For the next session it was time to try Sport mode, with settings suited to the conditions (DTC 7 and ABS 2). Sport mode still delivers the full 113hp that Touring mode offers, but with a sharper throttle response that makes the SuperSport feel a bit more er…  super and sporty – friskier.

Urban mode gives a notably softer throttle response and power is cut to 75hp – useful for the rain, poor conditions and making smooth progress in the concrete jungle. It's easy to flick between all the various modes and customise traction and ABS settings using the somple comtrols on the left bar.

On the road, the electronics provide a welcome safety net when conditions and surfaces are poor - simple really. It means that the SuperSport can be ridden on a sodden track day and still reward as much as it will when it's singing at full chat on a sunny day at your favourite track, and has a useful extra element of safety for the road, so it's got your back during a bleary eyed commute on a chilly January morning.

The suspension is similarly accomplished and although the Ohlins kit on the SuperSport S had been softened to suit a soaked track, it delivered the plush, refined feeling I’ve come to expect from bikes with gold bouncy bits. Once I’d gotten over wobbling around on the Pirelli wets and figured out that I wasn’t going to crash at every corner, the suspension did a superb job of communicating how much grip was available.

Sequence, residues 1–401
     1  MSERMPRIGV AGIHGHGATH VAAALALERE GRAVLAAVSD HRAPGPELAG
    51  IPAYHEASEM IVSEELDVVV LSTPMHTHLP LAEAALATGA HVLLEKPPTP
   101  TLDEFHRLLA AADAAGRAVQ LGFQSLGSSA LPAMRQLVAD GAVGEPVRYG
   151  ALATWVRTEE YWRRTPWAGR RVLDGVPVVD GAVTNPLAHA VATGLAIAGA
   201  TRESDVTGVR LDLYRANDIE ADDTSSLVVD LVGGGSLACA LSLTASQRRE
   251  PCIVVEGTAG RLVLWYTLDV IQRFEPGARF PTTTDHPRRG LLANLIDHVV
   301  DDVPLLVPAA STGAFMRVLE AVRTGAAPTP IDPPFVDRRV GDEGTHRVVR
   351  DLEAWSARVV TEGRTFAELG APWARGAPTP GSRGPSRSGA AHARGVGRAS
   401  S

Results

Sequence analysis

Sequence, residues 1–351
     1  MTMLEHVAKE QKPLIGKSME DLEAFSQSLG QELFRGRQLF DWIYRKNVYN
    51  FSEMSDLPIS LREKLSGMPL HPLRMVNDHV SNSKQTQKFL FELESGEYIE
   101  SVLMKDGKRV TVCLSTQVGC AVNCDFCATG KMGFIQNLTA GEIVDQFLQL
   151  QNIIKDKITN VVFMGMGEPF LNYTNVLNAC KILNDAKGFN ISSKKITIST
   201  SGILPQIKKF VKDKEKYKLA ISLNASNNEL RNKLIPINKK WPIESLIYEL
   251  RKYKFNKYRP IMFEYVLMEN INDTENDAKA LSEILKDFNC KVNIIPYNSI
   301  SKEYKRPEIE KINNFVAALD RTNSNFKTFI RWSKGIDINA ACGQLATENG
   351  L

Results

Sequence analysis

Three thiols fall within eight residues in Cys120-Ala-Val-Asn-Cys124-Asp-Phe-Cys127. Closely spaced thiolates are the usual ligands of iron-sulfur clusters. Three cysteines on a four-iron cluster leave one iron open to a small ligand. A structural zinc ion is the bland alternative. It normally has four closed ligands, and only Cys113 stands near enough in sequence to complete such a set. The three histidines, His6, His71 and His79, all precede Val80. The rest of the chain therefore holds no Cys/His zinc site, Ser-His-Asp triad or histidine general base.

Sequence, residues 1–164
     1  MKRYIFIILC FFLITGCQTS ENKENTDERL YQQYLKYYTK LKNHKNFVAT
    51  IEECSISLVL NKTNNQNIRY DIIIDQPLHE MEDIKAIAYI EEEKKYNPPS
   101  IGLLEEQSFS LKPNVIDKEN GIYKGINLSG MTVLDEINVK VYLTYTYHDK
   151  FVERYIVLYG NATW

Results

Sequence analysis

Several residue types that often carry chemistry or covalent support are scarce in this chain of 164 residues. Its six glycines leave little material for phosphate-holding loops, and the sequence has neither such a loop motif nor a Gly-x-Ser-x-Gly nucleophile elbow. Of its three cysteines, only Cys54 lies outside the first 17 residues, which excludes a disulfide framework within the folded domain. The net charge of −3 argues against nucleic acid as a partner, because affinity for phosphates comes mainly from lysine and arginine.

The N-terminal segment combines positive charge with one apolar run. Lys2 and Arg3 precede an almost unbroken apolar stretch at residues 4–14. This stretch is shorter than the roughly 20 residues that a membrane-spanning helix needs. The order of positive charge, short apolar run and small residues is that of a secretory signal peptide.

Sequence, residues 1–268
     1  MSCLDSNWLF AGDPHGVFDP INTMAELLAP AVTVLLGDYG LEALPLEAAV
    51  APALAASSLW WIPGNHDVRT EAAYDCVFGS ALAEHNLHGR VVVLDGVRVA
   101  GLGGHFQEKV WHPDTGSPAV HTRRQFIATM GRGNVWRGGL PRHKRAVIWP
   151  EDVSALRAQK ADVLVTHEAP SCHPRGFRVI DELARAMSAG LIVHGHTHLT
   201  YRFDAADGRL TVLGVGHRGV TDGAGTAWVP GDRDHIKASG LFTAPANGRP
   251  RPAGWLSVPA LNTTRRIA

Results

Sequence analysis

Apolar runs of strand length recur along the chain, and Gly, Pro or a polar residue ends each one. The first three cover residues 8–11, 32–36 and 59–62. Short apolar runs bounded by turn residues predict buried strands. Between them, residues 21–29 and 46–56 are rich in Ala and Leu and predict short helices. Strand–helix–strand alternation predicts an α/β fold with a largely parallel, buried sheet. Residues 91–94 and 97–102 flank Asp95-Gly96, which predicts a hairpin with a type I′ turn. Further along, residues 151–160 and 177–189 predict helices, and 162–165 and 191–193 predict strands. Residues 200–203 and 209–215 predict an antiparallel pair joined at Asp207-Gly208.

The suspension on the standard SuperSport, which has fully-twiddleable Marzocchi forks and a Sachs monoshock, also felt very good. Out on the bendy, flowing, rain-soaked roads west of Seville, it gave me a nicely damped and comfortable ride, if not the firmest. It’s about what I was expecting. Importantly, it remained unfazed by a chronically dire few miles of bump-strewn, shonkily surfaced  roads, which were the worst I’ve encountered in Spain.

Away from such cack ‘mac, the SuperSport handles beautifully, and gets into bends with agility, deftness and lightness. On track, when hammering in to a corner hard on the brakes and changing down, the S was always stable, balanced and eager to turn.

The standard bike felt superbly connected to the road and was always willing and capable of doing what I was asking. The SuperSportIt lacks the outright aggression of a more focused bike like the Panigale 959, but on road and track it delivers a magic blend of composure, comfort and sporting agility. And it’s superb on the road; Ducati really has got the handling and ride feel spot-on because it fully delivers across the gamut of the riding and rider its aimed at.